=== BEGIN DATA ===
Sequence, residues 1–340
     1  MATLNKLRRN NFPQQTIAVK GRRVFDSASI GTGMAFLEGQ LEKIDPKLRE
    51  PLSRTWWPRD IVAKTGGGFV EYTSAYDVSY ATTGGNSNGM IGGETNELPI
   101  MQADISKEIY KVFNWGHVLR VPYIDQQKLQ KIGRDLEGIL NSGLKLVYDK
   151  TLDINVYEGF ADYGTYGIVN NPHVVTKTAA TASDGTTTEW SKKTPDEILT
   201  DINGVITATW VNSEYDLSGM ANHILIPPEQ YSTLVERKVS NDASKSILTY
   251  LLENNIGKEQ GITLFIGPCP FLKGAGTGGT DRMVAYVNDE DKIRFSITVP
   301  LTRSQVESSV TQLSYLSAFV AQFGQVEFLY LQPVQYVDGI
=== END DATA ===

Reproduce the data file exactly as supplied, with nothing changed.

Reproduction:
Sequence, residues 1–340
     1  MATLNKLRRN NFPQQTIAVK GRRVFDSASI GTGMAFLEGQ LEKIDPKLRE
    51  PLSRTWWPRD IVAKTGGGFV EYTSAYDVSY ATTGGNSNGM IGGETNELPI
   101  MQADISKEIY KVFNWGHVLR VPYIDQQKLQ KIGRDLEGIL NSGLKLVYDK
   151  TLDINVYEGF ADYGTYGIVN NPHVVTKTAA TASDGTTTEW SKKTPDEILT
   201  DINGVITATW VNSEYDLSGM ANHILIPPEQ YSTLVERKVS NDASKSILTY
   251  LLENNIGKEQ GITLFIGPCP FLKGAGTGGT DRMVAYVNDE DKIRFSITVP
   301  LTRSQVESSV TQLSYLSAFV AQFGQVEFLY LQPVQYVDGI